I thank the hon. Member for Caithness, Sutherland and Easter Ross (Jamie Stone) for highlighting some of the issues in Borgie in particular. I will happily take up the issue of Jean’s folly and see whether we can make any progress on it. I thank the hon. Member for highlighting cases showing the real-life impact that poor connectivity can have.

Before I respond to points raised by other hon. Members, it might be helpful if I explain how the SRN will be implemented across the UK and what has been achieved for some time when it comes to boosting mobile coverage. To deliver the programme, the operators are investing about half a billion pounds to eliminate the majority of partial notspots, which are the areas that receive coverage from at least one but not all four operators. The Government will then go even further and tackle the total number of notspots with our contribution of half a billion pounds. Those are the hardest-to-reach rural areas that currently have no 4G coverage at all.

By upgrading existing networks and working together on shared infrastructure in new sites, we will transform mobile coverage in rural areas and—this is key—maximising the use of existing infrastructure. I was particularly glad to hear from my hon. Friend the Member for Banff and Buchan about how we are seeing that sharing of infrastructure in his constituency. We want to minimise environmental impacts, but also ensure best value for the taxpayer.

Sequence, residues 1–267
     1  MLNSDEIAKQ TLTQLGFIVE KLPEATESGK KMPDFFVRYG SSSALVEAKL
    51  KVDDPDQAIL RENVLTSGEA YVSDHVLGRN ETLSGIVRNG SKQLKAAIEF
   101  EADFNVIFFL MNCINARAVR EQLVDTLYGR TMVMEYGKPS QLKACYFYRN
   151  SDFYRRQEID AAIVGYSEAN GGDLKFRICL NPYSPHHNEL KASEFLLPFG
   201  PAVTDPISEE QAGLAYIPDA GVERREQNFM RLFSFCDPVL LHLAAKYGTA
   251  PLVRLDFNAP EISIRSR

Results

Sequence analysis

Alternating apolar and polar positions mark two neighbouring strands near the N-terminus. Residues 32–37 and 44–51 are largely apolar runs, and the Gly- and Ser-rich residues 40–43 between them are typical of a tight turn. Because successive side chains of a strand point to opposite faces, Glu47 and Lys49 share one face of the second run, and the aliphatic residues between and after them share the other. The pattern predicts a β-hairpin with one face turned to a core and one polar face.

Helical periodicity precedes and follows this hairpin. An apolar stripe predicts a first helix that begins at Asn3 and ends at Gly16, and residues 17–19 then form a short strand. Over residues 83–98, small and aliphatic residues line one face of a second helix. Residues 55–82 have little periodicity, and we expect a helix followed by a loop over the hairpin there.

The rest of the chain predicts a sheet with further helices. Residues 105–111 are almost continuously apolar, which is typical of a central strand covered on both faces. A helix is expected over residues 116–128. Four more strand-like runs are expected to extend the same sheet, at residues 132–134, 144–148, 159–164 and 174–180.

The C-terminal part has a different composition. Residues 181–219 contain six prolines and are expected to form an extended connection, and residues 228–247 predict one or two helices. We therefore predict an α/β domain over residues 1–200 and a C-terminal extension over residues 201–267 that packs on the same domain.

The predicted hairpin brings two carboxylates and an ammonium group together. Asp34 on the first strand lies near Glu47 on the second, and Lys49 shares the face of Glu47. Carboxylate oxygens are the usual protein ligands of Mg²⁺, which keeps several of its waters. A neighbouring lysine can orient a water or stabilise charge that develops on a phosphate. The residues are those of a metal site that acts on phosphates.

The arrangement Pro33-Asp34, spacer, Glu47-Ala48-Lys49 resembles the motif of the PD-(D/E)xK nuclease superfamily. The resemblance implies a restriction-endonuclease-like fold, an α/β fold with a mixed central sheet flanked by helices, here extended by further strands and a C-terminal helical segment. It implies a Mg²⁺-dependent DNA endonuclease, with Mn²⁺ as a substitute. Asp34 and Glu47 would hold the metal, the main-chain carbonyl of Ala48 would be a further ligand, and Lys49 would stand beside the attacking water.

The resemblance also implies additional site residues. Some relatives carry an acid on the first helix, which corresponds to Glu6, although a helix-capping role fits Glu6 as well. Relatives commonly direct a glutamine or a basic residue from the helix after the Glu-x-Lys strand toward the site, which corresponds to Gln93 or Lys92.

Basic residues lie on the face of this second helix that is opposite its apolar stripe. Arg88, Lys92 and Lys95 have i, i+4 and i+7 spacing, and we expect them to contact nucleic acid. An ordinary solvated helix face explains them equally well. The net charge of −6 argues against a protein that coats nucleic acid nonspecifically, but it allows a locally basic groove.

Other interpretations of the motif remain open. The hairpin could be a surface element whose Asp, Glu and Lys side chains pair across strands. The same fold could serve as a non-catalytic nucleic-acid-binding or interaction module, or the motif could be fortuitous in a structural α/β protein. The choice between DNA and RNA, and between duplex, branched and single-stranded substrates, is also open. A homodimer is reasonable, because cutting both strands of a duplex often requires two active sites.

One of the ways we are trying to speed up roll-out is by easing the planning process. Several hon. Members raised the need to make more straightforward the erection of new infrastructure, as we did in the Product Security and Telecommunications Infrastructure Act 2022. It can be a difficult balance, because a number of hon. Members are unhappy about the siting of masts, and we are encouraging operators to put in mast applications in sensible places. To have engagement with local authorities, I wrote to all councils to set out where they have powers in that regard. I also raised the matter with Ofcom, because I know that there are some issues in particular parts of the country. We want to make sure that we can ease people’s concerns about the impact of mast infrastructure on communities, because pausing roll-out on that basis is in nobody’s interest.